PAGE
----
Some institutions will just simply not allow that kind of transfer. This means your loved one might have to “sell” you their loan through a refinance. That means you take out a new loan in your name, to pay off the old loan under someone else’s name. For example, if you want your spouse’s car loan to be in your name, you might have to have your spouse “sell” you the loan as part of a refinancing in order to take it over. This could mean that you have to go through an entirely new lender and again, you might have to settle on a new term for the loan and rate of interest.

When to Put Debt in Your Name

When you’re younger, putting loans or other bills in your parent’s name seems natural. However, as you get older, building a solid credit score becomes extremely important. If all of your debts are in another person’s name, your credit history might have little to nothing on it, which does not mean good things for your credit score.

If you want to start building up your own credit, now is the time to think about only starting loans or lines of credit in your own name and/or transferring old accounts into your possession. Almost everyone pays bills, but that doesn’t mean it is contributing to your financial health. Your hard work paying off all of your debt should be reported on your own credit history.

You may also have accounts that were started in your spouse’s name, which can be tricky. Accounts in which you are a co-signer will affect your credit score, but accounts that only have their name will not affect you whatsoever. So, if you’re trying to build up your own credit score (which is a good idea for both parties to have a solid score) it might be a good idea to start any new accounts in your name or both of your names together.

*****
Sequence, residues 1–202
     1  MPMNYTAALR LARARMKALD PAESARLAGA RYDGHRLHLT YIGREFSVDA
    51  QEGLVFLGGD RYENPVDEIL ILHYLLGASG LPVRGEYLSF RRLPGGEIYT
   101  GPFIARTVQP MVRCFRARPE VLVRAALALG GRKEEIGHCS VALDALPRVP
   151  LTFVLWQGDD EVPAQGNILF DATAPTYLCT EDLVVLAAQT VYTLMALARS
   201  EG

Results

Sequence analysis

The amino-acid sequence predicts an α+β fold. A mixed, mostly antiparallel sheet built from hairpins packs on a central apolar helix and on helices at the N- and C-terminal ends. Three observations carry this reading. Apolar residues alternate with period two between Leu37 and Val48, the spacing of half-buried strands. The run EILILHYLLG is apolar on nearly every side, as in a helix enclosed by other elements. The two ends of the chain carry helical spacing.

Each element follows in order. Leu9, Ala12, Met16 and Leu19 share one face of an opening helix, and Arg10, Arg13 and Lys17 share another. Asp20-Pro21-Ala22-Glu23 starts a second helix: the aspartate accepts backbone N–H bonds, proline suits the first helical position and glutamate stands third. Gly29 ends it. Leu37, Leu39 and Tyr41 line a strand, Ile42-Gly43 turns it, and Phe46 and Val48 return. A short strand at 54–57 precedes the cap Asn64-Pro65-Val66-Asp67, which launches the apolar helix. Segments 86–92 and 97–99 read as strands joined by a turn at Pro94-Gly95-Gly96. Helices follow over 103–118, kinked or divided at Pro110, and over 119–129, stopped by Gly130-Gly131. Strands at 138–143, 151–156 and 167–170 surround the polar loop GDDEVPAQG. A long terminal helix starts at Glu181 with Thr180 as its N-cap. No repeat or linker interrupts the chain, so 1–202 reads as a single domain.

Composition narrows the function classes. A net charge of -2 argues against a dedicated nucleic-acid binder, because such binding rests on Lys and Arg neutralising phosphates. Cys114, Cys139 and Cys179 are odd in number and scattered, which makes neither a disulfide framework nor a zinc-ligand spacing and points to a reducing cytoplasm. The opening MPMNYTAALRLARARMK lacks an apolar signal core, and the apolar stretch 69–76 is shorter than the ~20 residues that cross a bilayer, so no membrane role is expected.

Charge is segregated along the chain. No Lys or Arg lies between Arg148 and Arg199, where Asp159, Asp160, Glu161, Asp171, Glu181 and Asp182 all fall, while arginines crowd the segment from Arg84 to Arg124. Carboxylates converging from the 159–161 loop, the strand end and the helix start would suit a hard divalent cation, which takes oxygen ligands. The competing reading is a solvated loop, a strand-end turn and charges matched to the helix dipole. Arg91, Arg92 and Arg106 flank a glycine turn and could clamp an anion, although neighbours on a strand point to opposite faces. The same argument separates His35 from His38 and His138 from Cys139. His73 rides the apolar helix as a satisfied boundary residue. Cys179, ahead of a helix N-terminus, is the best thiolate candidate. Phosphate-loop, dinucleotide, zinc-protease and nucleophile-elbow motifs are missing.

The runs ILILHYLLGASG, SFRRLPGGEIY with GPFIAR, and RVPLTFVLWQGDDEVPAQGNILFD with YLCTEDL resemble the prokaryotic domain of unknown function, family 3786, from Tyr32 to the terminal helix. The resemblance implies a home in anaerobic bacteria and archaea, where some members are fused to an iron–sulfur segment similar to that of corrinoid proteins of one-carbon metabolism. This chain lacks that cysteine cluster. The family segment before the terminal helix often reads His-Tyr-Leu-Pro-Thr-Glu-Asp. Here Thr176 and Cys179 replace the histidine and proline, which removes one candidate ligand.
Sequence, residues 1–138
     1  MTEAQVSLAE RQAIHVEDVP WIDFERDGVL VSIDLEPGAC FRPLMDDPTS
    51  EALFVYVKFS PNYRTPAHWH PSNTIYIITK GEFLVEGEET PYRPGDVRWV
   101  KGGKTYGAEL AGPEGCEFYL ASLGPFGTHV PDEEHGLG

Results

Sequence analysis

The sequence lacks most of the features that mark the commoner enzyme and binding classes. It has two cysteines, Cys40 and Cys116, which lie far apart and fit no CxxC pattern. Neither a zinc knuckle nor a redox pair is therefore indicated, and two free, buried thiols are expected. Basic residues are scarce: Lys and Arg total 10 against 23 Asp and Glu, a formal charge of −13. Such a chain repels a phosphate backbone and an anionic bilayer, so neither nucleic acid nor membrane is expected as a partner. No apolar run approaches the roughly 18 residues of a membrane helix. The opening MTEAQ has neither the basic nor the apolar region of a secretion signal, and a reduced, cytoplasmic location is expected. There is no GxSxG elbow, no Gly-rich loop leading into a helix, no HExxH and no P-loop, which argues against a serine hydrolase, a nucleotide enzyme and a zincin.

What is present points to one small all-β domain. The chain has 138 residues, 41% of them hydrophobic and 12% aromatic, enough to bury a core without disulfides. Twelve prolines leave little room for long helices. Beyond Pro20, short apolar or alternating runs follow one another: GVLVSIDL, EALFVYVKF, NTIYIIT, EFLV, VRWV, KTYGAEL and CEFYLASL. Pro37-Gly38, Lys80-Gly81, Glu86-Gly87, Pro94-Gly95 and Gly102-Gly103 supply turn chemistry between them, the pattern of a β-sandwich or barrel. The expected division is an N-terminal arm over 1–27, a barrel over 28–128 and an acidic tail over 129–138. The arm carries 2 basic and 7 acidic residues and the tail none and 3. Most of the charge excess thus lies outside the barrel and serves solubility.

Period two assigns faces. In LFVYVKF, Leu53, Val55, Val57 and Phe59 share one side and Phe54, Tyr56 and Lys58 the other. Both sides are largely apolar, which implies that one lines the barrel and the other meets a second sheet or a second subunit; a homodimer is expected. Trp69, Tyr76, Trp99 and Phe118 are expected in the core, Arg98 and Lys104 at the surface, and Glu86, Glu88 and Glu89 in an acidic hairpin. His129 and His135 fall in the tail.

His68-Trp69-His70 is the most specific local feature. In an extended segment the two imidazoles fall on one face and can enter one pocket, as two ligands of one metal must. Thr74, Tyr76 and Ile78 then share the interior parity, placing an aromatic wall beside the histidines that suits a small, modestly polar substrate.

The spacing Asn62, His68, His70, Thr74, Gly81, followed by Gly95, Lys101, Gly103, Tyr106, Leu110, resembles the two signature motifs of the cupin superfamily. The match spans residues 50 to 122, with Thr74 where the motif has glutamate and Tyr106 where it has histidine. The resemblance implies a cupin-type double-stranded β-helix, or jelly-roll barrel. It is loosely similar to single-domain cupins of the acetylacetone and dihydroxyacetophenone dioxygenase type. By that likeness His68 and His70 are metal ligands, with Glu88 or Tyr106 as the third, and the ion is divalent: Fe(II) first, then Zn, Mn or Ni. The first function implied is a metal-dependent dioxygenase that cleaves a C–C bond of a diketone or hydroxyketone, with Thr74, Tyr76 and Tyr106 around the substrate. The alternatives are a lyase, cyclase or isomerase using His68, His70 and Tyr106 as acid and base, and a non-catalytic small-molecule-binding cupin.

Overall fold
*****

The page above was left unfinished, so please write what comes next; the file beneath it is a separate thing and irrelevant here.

Essentially, the answer to this question is, “You should start putting loans in your name right now.” There is no better time than now to start building up your credit history. Adding positive transactions to your credit history will help build up credit for those who have a slim credit report and they can also help to fix any credit mistakes that you may have experienced in the past.

It’s never too late to start building up your credit. Starting small and becoming a co-signer or opening up a new credit card in your name will do wonders for your credit. Especially if you plan on buying a home with your spouse in the future, having two good credit scores is much better than just one (you could be approved for a much larger loan). However, even if you never plan on purchasing a home, you can never get to that excellent credit score if you don’t start working on yours right now.

How else does your credit history affect your credit score? Find out at our credit score learning center. Is there debt on your credit report you are not responsible for? Visit our dispute letter template resource center for more information on removing the entry.